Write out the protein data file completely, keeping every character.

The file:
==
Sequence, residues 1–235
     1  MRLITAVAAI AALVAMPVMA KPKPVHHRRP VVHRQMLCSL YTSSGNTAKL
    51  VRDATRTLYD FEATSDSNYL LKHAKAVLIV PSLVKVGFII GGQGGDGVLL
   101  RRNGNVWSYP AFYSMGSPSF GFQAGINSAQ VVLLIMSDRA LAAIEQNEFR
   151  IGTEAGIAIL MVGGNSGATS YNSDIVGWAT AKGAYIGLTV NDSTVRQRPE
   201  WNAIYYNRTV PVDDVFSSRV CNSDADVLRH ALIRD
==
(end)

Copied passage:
Sequence, residues 1–235
     1  MRLITAVAAI AALVAMPVMA KPKPVHHRRP VVHRQMLCSL YTSSGNTAKL
    51  VRDATRTLYD FEATSDSNYL LKHAKAVLIV PSLVKVGFII GGQGGDGVLL
   101  RRNGNVWSYP AFYSMGSPSF GFQAGINSAQ VVLLIMSDRA LAAIEQNEFR
   151  IGTEAGIAIL MVGGNSGATS YNSDIVGWAT AKGAYIGLTV NDSTVRQRPE
   201  WNAIYYNRTV PVDDVFSSRV CNSDADVLRH ALIRD